Is Napa Valley really the best terroir in California?
That idea is the foundation of its success, and every year it gets reinforced by Robert Parker and Wine Spectator, which both coo over its Cabernets, doling out 98 point scores while other varietals from other regions rarely top 93.
That's why wineries making mediocre Cab from Napa feel like they can get away with charging over $50 when it's hard to get that much money for, say, the best Grenache in the country. And it's not just Cab -- everything from Napa Valley costs more. Pinot Grigio, Sangiovese, Petite Sirah -- it all demands premium retail price if it's from Napa.
I believe Napa Valley is the best terroir for Merlot in the United States. It's also the best terroir for Cabernet in California (though parts of Washington state might be just as good.)
But -- and this is a huge BUT -- Napa's not the best at anything else.
Chardonnay? Napa Valley Chardonnay is often an overpriced joke. There are still some good ones from Carneros; Mike Grgich knows what he's doing, and there are other exceptions. But the majority of Napa Valley Chardonnays are cynical cocktails of butter and oak. If you like Chardonnay, you should be buying it from Russian River Valley or the Sonoma Coast or other cooler places.
Zinfandel? This might be the third-best wine produced in Napa, but you can get better ones from Sonoma or Contra Costa County, and even Paso Robles.
Syrah? Cooler regions are better. And cheaper.
Every other variety? Please see Syrah.
All of Napa Valley's reputation rides on Cab and Merlot. To be fair, this is the same as Burgundy, where all the reputation rides on Pinot Noir and Chardonnay, or Rioja, where it's all on Tempranillo, or many other great regions.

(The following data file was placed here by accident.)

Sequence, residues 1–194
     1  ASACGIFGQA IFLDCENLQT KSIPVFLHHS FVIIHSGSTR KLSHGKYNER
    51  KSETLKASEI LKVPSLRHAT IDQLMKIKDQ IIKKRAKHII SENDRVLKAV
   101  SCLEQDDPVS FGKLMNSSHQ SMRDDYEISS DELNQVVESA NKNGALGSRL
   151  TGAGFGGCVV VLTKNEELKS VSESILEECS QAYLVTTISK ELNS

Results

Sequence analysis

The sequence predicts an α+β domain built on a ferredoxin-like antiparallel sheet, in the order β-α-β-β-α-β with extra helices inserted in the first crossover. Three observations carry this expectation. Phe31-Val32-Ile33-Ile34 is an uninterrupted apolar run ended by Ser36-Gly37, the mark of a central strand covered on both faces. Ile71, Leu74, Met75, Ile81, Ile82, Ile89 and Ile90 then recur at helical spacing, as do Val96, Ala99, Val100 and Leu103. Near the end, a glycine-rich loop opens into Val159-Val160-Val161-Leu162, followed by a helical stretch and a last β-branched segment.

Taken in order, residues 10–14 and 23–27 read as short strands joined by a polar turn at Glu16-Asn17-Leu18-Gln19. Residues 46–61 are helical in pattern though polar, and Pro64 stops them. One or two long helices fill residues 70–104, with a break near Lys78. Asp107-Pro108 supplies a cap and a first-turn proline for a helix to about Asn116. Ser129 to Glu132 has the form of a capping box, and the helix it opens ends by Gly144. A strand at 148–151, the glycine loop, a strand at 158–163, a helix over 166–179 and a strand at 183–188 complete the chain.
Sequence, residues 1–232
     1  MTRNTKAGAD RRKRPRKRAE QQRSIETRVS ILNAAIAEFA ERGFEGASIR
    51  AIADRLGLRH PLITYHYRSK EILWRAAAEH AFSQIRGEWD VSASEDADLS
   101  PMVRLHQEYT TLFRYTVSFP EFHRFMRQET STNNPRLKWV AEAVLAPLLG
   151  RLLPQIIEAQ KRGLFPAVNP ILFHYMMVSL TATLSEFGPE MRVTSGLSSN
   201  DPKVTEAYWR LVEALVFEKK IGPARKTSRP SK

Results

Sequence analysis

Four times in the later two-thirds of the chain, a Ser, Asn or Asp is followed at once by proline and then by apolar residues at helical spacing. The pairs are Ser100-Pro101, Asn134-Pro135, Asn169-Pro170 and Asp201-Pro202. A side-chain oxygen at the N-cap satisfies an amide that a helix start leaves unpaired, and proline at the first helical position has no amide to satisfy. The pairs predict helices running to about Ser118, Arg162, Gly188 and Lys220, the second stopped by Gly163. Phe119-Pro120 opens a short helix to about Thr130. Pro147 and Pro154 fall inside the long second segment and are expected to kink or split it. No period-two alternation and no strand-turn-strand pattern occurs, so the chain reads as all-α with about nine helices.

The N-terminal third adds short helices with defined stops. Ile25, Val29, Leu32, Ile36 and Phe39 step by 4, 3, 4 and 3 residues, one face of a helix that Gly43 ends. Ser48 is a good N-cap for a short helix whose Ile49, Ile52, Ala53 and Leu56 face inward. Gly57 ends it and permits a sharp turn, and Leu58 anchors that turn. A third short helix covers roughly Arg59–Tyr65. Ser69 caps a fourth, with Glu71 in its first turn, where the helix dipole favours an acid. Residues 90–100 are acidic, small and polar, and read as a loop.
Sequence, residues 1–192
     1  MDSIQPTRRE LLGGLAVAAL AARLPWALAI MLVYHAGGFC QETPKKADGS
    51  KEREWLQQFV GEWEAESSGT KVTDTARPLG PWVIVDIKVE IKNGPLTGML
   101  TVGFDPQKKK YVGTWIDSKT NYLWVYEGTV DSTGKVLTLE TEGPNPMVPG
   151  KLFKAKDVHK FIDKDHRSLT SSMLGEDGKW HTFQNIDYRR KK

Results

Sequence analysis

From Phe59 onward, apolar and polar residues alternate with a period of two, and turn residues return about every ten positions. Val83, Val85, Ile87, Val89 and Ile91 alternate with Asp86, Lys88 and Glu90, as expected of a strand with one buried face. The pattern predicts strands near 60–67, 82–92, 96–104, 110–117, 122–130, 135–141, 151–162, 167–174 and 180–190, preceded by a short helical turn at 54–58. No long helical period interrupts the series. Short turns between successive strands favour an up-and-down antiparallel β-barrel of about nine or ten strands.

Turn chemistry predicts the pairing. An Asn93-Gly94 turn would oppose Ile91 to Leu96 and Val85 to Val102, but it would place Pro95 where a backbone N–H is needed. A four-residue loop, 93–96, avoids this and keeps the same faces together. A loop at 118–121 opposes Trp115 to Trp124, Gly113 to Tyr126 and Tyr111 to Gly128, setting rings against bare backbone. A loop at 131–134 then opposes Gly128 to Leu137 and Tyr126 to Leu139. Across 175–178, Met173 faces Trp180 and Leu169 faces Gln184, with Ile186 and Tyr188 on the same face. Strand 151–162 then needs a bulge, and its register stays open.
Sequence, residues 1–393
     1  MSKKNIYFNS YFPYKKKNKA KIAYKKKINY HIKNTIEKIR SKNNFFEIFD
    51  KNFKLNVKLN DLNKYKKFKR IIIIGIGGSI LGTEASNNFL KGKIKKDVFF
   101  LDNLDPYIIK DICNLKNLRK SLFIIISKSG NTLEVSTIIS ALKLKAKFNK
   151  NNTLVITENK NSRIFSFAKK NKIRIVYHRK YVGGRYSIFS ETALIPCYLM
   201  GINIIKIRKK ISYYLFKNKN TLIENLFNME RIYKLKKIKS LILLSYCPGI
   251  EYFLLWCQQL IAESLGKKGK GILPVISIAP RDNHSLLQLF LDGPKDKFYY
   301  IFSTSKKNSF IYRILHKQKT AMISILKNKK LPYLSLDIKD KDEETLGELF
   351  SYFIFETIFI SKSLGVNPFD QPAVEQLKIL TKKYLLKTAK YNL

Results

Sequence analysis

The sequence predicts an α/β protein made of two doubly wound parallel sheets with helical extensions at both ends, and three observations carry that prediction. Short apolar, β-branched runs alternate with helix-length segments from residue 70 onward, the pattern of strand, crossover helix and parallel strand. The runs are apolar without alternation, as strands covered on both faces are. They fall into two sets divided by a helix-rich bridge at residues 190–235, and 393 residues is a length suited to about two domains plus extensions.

What this means is that Napa Valley has a huge interest in making sure Cab and Merlot remain America's favorite red wines.
But will they? As we get more sophisticated as a wine-drinking nation, some people are beginning to ask for more food-friendly, balanced wines. Right now it's a tiny movement of sommeliers and aficionados.
Yet I cannot remember the last time I met a wine professional who said, "I really like Cabernet." Usually it's the exact opposite. Sommeliers, wine buyers, wine writers, wine bar owners: they're just not drinking Cabernet anymore.
Eric Asimov recently wrote in the New York Times that millenials aren't ordering Bordeaux anymore. What happens when they realize that Napa Cabs, while giving more forward fruit, are generally even less food-friendly?
Meanwhile, I was perusing a list of tasting-room fees in Napa and was shocked: $25 is the new $10. And for that, you don't even get to taste the reserve wines.
Napa still gets plenty of wine tourism because it has average Americans convinced that it's worth it. Why waste $5 in a tasting room in Santa Barbara County on its non-Cabernet wines when they only get 90 points, when you can pay $30 to taste wines from the neighbor of the place that scored 99! And you might even be able to see the bottle (though no touching, please.)
Maybe this will go on indefinitely. Maybe Americans can only remember wine facts in shorthand: "Cab good. Napa good. Worth more."
I do know this: I would not like to have my own money invested in the continuation of that belief.